Industries Commercial Real Estate

Washington, D.C.’s metro real estate market reflected uncertainty in 4th quarter

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Fourth quarter 2012 statistics for the Washington, D.C. metro area released Tuesday by Cushman & Wakefield show a real estate market tempered federal uncertainty.

The looming fiscal cliff – part of which was averted by Congress ― as well as sequestration and the debt ceiling worked together to dampen activity throughout the region, the report said.

Overall, in the investment market, total 2012 sales volume in the D.C. area fell to $5.6 billion in 2012 from $7.5 billion in 2011. While some investors stepped back due to weakening office market fundamentals, sales volumes in the District were off by only 5 percent, compared to a 48 percent decrease in the suburbs.

A brief look at some of the areas:

The District
The office market contracted, posting negative absorption and increasing vacancy rates.
“This was due mainly to both government and private sector tenants’ drive to achieve efficiencies,” said Paula Munger, regional research director of the Mid-Atlantic and Southeast for Cushman & Wakefield. “Organizations are looking for economies everywhere, and that translates into occupying less space.”
Leasing activity, however, increased over last year’s level as several large law firms committed to space in projects under construction or still-to-be developed.  For instance,

Northern Virginia
In Northern Virginia, office market indicators weakened further with total negative absorption of 2.5 million square feet and vacancy rates that reached 18.9 percent, the highest in nearly a decade.  What Cushman/Wakefield described as “a perform storm” of events hit NOVA hard: government agencies vacated space in Crystal City and the Rosslyn/Ballston Corridor as dictated by BRAC, government contractors retrenched as a result of budget cuts and a general slowing of the economy were responsible for NOVA turning in one of the worst performances in recent history, the report said.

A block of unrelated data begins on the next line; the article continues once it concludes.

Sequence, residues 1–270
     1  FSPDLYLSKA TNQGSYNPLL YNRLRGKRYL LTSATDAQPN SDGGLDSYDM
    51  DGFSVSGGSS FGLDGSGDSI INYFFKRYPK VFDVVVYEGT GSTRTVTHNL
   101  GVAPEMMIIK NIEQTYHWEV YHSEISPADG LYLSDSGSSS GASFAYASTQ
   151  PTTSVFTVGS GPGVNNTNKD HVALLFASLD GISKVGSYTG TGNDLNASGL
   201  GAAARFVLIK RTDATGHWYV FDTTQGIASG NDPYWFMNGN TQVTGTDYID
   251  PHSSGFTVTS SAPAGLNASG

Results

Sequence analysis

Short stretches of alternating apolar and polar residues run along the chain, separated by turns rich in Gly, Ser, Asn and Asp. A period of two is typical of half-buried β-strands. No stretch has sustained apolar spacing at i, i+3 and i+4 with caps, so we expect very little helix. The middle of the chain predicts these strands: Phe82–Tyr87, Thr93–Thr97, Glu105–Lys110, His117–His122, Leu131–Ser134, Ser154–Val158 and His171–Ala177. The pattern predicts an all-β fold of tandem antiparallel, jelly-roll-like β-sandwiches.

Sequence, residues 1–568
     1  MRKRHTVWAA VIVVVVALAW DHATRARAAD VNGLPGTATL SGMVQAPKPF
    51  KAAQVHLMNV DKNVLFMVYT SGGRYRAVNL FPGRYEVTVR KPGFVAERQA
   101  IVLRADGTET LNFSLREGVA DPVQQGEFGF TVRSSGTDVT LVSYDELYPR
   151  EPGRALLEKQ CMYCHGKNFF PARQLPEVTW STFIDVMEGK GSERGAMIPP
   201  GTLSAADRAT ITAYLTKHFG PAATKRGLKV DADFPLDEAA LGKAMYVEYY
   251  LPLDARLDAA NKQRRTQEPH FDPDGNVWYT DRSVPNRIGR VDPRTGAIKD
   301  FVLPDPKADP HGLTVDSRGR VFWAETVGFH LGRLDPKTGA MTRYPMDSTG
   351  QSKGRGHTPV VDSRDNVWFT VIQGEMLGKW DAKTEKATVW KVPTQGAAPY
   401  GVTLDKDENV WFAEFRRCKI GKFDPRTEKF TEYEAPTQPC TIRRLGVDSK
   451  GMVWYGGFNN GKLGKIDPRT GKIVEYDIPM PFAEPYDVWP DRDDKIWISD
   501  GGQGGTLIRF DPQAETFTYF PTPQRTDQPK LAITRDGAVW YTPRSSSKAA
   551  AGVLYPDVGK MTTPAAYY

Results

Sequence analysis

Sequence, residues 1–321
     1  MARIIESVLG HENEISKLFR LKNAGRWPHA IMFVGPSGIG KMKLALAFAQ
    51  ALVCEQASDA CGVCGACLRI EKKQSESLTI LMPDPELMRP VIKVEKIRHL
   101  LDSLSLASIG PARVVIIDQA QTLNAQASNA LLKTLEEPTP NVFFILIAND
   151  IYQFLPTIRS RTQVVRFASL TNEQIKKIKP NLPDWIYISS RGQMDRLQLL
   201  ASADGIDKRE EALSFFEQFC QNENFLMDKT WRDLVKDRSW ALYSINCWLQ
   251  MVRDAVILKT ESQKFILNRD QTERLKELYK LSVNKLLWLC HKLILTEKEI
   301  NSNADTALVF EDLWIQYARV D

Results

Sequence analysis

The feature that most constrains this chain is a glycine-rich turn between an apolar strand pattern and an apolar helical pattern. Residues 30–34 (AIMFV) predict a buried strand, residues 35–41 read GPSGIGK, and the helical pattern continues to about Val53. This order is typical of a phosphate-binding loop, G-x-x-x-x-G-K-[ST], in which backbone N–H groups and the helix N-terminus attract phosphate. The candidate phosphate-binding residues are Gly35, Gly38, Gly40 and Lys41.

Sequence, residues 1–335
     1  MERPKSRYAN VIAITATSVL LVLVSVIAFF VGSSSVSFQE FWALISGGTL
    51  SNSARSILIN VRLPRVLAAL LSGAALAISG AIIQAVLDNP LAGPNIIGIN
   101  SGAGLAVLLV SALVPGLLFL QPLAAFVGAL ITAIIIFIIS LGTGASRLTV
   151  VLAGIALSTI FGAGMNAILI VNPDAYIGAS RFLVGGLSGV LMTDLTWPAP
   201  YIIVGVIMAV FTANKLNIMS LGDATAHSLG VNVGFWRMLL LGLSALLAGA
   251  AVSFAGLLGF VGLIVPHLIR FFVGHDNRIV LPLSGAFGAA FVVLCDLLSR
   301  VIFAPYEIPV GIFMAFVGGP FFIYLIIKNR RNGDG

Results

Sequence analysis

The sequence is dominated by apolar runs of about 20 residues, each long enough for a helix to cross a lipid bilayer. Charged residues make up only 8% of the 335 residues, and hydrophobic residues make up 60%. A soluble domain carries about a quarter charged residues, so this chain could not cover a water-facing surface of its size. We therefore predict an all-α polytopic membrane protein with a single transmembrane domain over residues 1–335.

Investment sales volume fell to $1.8 billion, from $3.3 billion in 2012.
Like the District, new construction is attracting tenants both inside and outside the Beltway, so things are looking up for 2013. 
“Our research does reveal a few bright spots, including new construction as well as continuing opportunities for investors willing to wait two to three years for a return,” Brian Dawson, head of Cushman & Wakefield operations in the Washington region, said in a statement. “We think 2013 will end some of the uncertainty and stabilize the marketplace, leading to a dynamic 2014.”

 


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